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Istanbul: Open For Business

By Jason Hart

In Jenny B. Whites chapter, "Bridge Between Europe and Asia," she writes that while Western Christian culture has a tendency to romanticize Byzantine culture, the Moslem Turks have an identical tendency to romanticize the culture of the Ottomans. The Turks find pride in acknowledging that in the age of their empire Istanbul was the religious center of the entire Islamic world. Furthermore, the many monuments and mosques that stand all over the city are living proof of the glory of the past. What is interesting, however, is that unlike many highly religious Islamic countries, the Turk’s sense of Moslem pride in no way denies adoption of Western cultural patterns, styles, or businesses.

            For example, the city of Istanbul is very much a transnational city. Much of this transnationalism seems to be result of the strong youth culture. For example, I noticed the names of American rock bands like Korn and Guns n Roses spray painted in graffiti in alleyways. The bar and fashion district of Taxum is lined with heavy metal bars, discos that play loud rap music and European techno, as well as designer fashion boutiques that sell the latest fashions from Gucci and Diesel. Movie theatres played Hollywood and European films entirely in English, with Turkish subtitles and I even drank a hot chocolate at a packed Starbucks and ate a burger at an even more crowded Burger King.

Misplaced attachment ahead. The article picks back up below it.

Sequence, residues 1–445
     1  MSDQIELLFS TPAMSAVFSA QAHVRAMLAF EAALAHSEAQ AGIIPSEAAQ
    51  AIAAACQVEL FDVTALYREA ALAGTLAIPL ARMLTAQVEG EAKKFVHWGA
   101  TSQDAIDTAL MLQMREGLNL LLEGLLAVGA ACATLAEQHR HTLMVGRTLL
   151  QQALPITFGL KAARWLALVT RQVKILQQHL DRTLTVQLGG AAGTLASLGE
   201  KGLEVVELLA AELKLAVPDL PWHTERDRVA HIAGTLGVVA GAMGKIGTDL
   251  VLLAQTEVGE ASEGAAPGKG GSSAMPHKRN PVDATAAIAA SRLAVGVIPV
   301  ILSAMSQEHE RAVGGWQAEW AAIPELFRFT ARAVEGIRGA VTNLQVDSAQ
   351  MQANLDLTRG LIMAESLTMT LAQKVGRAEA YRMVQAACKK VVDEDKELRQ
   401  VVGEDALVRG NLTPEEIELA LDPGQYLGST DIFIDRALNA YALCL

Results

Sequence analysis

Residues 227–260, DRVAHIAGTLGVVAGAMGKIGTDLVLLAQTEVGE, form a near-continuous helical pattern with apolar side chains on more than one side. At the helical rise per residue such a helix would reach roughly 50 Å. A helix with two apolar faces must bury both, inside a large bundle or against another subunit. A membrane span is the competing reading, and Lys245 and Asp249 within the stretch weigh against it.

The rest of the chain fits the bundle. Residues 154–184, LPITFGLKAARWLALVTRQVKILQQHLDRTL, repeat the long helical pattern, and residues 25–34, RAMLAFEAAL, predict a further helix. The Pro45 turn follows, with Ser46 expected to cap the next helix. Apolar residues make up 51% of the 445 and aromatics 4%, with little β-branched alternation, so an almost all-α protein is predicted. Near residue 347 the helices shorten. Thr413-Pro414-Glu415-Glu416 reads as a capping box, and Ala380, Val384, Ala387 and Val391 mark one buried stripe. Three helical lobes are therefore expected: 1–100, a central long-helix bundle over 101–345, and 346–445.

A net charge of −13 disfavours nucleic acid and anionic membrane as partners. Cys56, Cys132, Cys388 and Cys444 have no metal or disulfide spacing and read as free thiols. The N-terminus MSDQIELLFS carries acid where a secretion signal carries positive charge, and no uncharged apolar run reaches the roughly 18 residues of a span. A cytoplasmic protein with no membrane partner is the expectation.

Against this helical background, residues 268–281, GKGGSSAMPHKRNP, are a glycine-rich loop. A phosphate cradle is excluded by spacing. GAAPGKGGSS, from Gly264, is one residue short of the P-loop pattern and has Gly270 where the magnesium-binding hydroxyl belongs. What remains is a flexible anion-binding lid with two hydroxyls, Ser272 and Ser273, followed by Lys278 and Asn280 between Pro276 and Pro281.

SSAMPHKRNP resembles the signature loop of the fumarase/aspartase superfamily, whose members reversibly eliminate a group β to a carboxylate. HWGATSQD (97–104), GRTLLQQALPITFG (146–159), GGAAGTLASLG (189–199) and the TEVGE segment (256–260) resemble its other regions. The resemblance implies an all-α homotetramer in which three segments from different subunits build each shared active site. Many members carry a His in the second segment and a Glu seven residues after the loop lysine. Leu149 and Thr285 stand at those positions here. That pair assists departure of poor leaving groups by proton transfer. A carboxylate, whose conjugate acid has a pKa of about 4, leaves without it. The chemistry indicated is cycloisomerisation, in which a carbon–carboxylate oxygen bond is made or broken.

Istanbul is surely open for transnational business, because the citizens are ready and willing to open their wallets.

            While embracing Western consumer culture, Istanbul has in now way denied its Moslem heritage. I noticed many men praying in the direction of Mecca on prayer mats on sidewalks. Six times a day the call to prayer radiates over loud speakers, called out by the Blue Mosque and answered by the Hagia Sophia. The citizens of Istanbul also surely feel a common brotherhood through Islam with their Middle eastern neighbors. Many times cab drivers or fellow bar goers would ask me what country I was from. When I told them, they would tell me their dislike for President Bush, and their inability to understand the rational for the war in Iraq; however, several were quick to tell me soon afterwards how wonderful Bill Clinton and Jimmy Carter are. In downtown Taxum, I even saw an Iraqi war protest followed by a police escort. The protestors waved Iraqi flags and held pictures of victims of the conflict.

            All in all, Istanbul is a city of great contrasts. Both the transnational and the vernacular both coexist, side by side, embraced by the general populace. The Turks have found a common ground between the two, whereby they may reaffirm their own national pride securely, while still taking the best of the transnational culture.

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